But he loved movies and had a fantastic video collection of James Bond, Westerns, Hitchcock, Indian and Hollywood classics and his special favourites --- horror films. He was planning a remake of The Coffin Of Dr Brown when he passed away. He also loved to sketch and was inspired by Dada Moni and character artiste Iftekhar in this hobby.
Kishore Kumar, in his own words, wanted to become a 'chhota mota school master in Khandwa,' (the Gangulys' hometown in Madhya Pradesh) when music beckoned and Dada Moni forced him to come to Mumbai.
"Towards the end, he was very unhappy with the songs he was getting. He wanted to return to Khandwa, which he loved. Even in his shows, he always called himself Kishore Kumar Khandwawala."
Kishore Kumar's only musical grounding was listening to and singing K L Saigal's songs. "For Baba," recollects his son. "Saigal was up there on a pedestal. Once he even met him. Saigal praised his singing but told Dada that Kishore moved his body too much. Baba never moved a muscle when singing a Saigal song from that day! Many years ago, my father refused to sing a five-volume Saigal tribute for [music company] HMV, stating that he would hate being compared to his guru."
"Baba," says Amit, "was a great father, sentimental, full of life and more of a friend. He once came all the way to meet me on my birthday to London when I was on a concert tour with [composers] Kalyanji Anandji. After my mother Ruma and he divorced, he and I would meet during holidays when I would come down from Kolkata. I would sing his songs in college and he would take me along to his shoots.
"When I was born, he told someone, 'Yeh to ro bhi sur mein raha hain, yeh singer banega [he cries are in tune, he will become a singer]!' "
Kishore wanted Amit to be a singer, which is why Amit came to Mumbai at 18, and his father introduced him at a special show called Daddy Kishore Son Amit as, 'My son Amit, a chip off the old block. My son also sings!'
"But Baba never recommended me and was happy that I made it on own. He would relentlessly criticise my singing," says Amit. "Then one day, Dada Moni told me it was because he knew my potential and wanted me to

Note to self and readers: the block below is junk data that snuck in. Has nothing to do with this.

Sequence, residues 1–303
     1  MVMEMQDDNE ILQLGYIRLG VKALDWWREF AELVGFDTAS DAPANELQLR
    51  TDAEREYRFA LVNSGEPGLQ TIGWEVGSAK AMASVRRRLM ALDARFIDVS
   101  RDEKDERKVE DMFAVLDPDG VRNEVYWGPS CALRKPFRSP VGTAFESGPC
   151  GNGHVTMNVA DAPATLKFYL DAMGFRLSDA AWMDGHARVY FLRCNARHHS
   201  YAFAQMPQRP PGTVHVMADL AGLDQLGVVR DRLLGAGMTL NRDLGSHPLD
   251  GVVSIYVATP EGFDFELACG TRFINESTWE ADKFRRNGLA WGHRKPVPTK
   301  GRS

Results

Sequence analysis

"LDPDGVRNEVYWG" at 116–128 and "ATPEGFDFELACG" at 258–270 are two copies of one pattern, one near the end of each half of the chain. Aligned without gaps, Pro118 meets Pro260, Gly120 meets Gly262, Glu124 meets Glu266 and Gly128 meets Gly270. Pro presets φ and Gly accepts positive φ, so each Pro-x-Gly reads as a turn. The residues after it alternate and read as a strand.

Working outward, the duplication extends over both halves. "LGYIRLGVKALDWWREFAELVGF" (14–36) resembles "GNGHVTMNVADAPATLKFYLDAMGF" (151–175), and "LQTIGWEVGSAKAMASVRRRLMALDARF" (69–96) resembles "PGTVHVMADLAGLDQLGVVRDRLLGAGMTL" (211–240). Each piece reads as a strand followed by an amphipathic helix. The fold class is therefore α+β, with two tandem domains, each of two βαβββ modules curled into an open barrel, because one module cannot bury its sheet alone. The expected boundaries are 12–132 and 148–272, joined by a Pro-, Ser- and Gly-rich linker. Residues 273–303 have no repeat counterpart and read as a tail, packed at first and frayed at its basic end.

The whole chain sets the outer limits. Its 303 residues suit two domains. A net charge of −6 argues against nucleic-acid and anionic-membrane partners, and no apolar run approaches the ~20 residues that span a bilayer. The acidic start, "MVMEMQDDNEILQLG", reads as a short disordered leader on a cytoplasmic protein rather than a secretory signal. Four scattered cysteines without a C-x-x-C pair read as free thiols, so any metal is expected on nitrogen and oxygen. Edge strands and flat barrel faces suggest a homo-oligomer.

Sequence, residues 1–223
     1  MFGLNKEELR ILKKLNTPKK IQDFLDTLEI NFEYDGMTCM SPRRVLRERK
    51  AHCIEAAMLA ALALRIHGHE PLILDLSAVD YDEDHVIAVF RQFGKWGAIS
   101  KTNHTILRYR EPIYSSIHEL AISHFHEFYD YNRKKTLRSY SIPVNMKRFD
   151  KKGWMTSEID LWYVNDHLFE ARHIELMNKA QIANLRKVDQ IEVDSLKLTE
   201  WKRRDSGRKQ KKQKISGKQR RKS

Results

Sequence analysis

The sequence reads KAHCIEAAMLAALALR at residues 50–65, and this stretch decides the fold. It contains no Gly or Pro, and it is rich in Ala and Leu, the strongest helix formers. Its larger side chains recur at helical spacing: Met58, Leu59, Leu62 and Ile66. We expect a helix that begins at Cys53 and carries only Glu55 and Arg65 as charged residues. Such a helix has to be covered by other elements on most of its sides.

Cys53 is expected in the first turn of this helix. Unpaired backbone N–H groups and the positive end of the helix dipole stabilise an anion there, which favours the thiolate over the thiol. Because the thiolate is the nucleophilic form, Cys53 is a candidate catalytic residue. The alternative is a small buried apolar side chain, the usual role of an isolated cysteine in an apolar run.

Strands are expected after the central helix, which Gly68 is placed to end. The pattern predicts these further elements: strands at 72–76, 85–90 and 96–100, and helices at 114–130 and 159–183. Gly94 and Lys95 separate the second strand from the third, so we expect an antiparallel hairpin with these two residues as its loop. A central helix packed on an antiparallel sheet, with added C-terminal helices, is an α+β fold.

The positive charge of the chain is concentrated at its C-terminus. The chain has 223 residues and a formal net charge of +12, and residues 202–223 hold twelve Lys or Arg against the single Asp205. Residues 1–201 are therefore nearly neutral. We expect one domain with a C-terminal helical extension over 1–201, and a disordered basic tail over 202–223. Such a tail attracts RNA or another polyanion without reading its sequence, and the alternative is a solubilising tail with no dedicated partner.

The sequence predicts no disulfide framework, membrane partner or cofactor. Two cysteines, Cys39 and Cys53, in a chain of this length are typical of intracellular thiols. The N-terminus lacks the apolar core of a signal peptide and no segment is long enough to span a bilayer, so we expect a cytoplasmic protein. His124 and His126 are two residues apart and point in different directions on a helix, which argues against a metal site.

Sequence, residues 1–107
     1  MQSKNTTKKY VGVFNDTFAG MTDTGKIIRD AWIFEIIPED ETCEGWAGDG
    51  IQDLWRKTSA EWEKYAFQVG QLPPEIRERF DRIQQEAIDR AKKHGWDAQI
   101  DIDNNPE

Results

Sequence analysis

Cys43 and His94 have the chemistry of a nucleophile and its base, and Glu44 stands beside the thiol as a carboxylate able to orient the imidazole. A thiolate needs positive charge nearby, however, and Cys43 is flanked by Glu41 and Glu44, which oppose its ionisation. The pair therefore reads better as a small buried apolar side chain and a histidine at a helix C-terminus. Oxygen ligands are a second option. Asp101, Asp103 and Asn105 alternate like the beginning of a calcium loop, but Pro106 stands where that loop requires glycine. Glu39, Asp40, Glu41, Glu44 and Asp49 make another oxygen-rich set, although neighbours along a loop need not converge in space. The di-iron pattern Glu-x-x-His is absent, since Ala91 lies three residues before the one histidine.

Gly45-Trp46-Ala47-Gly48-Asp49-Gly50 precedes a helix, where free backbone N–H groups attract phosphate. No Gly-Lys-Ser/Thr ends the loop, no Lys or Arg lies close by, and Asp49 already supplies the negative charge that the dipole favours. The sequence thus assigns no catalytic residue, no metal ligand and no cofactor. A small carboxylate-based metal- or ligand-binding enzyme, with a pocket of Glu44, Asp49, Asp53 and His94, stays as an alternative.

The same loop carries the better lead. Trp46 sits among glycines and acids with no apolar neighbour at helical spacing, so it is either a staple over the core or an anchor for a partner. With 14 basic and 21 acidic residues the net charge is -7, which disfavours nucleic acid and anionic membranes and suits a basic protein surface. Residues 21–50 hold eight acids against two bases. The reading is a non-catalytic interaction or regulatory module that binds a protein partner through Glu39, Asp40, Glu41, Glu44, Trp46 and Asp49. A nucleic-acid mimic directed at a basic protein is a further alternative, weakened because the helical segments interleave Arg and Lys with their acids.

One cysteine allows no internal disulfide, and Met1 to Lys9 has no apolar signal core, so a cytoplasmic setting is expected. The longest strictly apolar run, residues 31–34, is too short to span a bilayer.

improve. Dada Moni added, 'I would do the same thing to Kishore, and for the same reason!' "
Amit narrates one of the craziest anecdotes about his father: An interior designer once pestered Kishore for work. Kishore began asking him to do absurd things; the man kept agreeing. Finally, Kishore told him that he wanted a 'floating sofa in a round pool of water in the drawing room and that heads of actual eagles should be
arranged around it!' The guy fled!
The Wedding Singer
Kishore Kumar married six times. Thanks to family pressures, he married Yogeeta Bali and Leena Chandavarkar twice each with proper rituals after his hush-hush rush marriages to them. Since all four of his wives stayed prior to marriage in Bandra in Mumbai, he would collectively call them bandariyas (monkeys).
Kishore Kumar met Ruma in 1950, but their marriage did not last. He wanted Ruma to be a hausfrau; she wanted to be a careerwoman. Madhubala proposed to him on the rebound after her split with Dilip Kumar on the sets of Chalti Ka Naam Gaadi during the picturisation of Haal kaisa hai janaab ka.
After Madhubala's death, Kishore was so depressed that he wanted to take sanyas.
Yogeeta Bali --- who carried the medicines sent by a friend to him --- nursed him back to health after an illness. He married her in 1972, but announced it in 1975. They soon separated as Yogeeta's mother was afraid that she would become pregnant and ruin her career.
'With Leena Chandavarkar, Baba finally found happiness," says Amit. "Baba offered her a role in his film Mamta Ki Chhaon Mein, when she had lost her husband and had come down to Mumbai to complete two pending films. She accepted the film and got out of her depression. She declined his proposal , but later impulsively accepted Baba's standing offer."
Sumeet, Kishore's second son, is now pursuing a professional course at a Mumbai college. "He sings, has learnt the piano, but is not too enamoured of this line," says Amit. "He is well aware of Baba's stature and work, though."
Says Amit, "My father acted in some 98 films and sang over 3,000 songs, and choosing the best is always diificult from this wide choice, given Baba's level of excellence and versatility as an actor. The best are so
many. Though I cannot pinpoint his worst songs, every singer and artiste always has his share of bad songs, role and films. I have attempted to choose 12 songs which are special to me:
Aa chalke tujhe (Door Gagan Ki Chhaon Mein)
Ae Haseeno (Chacha Zindabad)
Chhota sa ghar hoga (Naukri)
Hum matwale naujawan (Shararat)
Husn bhi hai udaas (Fareb)
Jaaneman Jaaneman (Jaaneman)
Jeevan se bhari (Safar)
Khilte hain gul yahan (Sharmilee)
Koi humdum na rahaa (Jhumroo)
Kuch to log kahenge (Amar Prem)
Mere mehboob qayamat hogi (Mr X In Bombay)
Panch rupaiyya barah anna (Chalti Ka Naam Gaadi)
You Might Also Want To Read:
The human puzzle Kishore Kumar